‘Good bones’ all part of master plan

Campus planners look to pull University together, preserve legacy of structures to meet current and future needs


UND President Mark Kennedy’s vision for campus is to keep a Collegiate Gothic architectural style, make it more compact, connect buildings and implement his “Coulee to Columbia” idea to revitalize the main campus corridor. This is part of a larger master planning effort to enclose the campus mall, give it a more collegiate feel, and make it easier to navigate in poor weather. UND archival photo.

UND has “good bones,” said President Kennedy.

Mark Kennedy

President Mark Kennedy

“I’ve often said that UND has some of the most beautiful ‘bones’ of any campus I’ve seen,” Kennedy said.

The campus master plan, part of the UND strategic plan, seeks to preserve those bones, or legacy structures, that can be repurposed to meet current needs.

The goal is to make the campus more attractive and functional.

“Students decide whether to attend a university within the first seven minutes of their campus visit,” said Kennedy. “We need to help them choose UND.”

“Many of those ‘bones’ will form the core of the campus as we move forward,” said Kennedy. “Many will be preserved, some incorporated in the interior of new buildings, and others are just structurally too costly to preserve.”

Repurposing and restoring

Kennedy’s vision is to keep UND’s Collegiate Gothic architectural style, make the campus more compact, connect buildings and implement the Coulee to Columbia project to revitalize the main campus corridor.

This is part of a larger plan to enclose the campus mall, give it a more collegiate feel and make it easier to navigate in poor weather.

As the campus master plan has evolved, so have plans for buildings, said Mike Pieper, associate vice president for facilities management. The plan is due at the State Board of Higher Education in February.

Some buildings may be repurposed and restored, including Carnegie, Gustafson, Babcock and Montgomery Halls, as well as the Armory and the Stone House.

Montgomery Hall could be incorporated into plans for a new College of Business & Public Administration.

We hope to finalize plans to refurbish the Stone House, and Babcock Hall could be repurposed for use by the College of Engineering & Mines, said Pieper.

Outliving usefulness

Michael Pieper

Mike Pieper

Some buildings have outlived their usefulness and may be removed.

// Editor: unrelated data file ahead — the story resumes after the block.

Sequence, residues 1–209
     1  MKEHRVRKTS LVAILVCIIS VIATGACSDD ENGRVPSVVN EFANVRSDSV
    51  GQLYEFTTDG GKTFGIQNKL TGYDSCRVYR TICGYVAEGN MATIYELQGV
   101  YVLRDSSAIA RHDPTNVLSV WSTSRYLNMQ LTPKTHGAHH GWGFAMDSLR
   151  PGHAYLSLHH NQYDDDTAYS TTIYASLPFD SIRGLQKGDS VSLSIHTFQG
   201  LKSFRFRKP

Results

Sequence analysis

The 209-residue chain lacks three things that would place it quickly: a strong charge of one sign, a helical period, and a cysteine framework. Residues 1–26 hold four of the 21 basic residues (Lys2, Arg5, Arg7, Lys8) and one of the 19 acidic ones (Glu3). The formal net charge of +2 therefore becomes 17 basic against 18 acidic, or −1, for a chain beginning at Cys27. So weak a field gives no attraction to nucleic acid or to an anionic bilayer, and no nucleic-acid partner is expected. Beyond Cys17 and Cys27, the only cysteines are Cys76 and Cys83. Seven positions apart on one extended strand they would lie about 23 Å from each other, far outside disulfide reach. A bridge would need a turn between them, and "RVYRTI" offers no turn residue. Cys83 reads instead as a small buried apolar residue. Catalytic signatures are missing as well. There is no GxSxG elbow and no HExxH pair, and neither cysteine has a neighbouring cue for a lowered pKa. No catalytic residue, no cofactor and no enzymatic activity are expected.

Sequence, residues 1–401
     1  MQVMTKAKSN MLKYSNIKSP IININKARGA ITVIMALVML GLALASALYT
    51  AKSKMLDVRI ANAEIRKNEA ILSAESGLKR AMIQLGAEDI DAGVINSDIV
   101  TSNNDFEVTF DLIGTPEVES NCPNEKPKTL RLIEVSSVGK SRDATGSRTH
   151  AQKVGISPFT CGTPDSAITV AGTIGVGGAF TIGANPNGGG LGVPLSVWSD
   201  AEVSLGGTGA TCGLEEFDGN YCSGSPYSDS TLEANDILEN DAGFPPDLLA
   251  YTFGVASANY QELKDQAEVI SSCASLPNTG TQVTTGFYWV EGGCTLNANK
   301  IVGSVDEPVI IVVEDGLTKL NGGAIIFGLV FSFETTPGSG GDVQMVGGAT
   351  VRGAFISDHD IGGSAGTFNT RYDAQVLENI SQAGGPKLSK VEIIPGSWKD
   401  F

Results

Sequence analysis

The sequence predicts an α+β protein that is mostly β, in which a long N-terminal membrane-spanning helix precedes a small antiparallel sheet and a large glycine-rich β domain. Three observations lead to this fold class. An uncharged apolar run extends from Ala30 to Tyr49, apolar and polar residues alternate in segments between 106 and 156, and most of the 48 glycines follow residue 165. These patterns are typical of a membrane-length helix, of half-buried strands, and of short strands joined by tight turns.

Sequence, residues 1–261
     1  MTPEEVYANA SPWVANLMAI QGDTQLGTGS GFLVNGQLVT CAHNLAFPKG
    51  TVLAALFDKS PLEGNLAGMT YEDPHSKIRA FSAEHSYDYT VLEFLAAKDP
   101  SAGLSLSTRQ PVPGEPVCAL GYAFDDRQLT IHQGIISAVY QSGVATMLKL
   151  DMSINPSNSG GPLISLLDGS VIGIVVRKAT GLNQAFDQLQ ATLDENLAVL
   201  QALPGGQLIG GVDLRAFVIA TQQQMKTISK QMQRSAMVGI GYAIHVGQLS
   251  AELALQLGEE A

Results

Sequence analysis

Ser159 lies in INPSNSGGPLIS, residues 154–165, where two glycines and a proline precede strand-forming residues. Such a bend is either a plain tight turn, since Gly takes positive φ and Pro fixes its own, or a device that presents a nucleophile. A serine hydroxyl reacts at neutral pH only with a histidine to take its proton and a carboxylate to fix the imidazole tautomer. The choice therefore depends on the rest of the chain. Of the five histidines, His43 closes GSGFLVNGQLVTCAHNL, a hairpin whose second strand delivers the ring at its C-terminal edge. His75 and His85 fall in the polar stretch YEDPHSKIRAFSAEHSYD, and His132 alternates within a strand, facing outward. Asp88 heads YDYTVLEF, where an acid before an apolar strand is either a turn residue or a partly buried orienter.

That includes Corwin/Larimore and Robertson/Sayre Halls.

Earlier this month, the University sent a letter to the North Dakota State Historical Society to notify them of their intent to demolish the buildings, which were built in 1908 as part of what was then Wesley College. They were not part of the original campus, and UND acquired them in 1965.

“The buildings are very narrow, and it would be difficult to repurpose them,” said Pieper. He added that the deferred maintenance for them is considerable: $4.8 million for Corwin/Larimore and $3.5 million for Robertson/Sayre over the next 10 years.

The letter to the State Historical Society is the first step toward removing the buildings. After the State Historical Society has commented on the proposal, it will be submitted to the State Board of Higher Education for approval.

If the demolition is approved, work would begin over the summer.

Also set for demolition is Chandler Hall, UND’s original steam plant, built in 1899, which has structural issues. That is set to take place in May.

Cost containment

The North Dakota University System has determined that UND has more than enough square footage within its campus footprint to conduct business. In an effort to further right-size the University and reduce deferred maintenance costs, which have been estimated to be as much as $500 million, UND has carefully considered which buildings will help the University move toward a more compact, attractive campus.

The University also has worked closely with the Grand Forks Historic Preservation Commission to meet all laws and guidelines when considering facilities for demolition. Last summer, seven buildings were demolished.

“People view the main quad as the center of campus,” said Kennedy. “We want to update buildings to facilitate active learning and informal gatherings to fit the way people learn today. We want to pull the campus together.”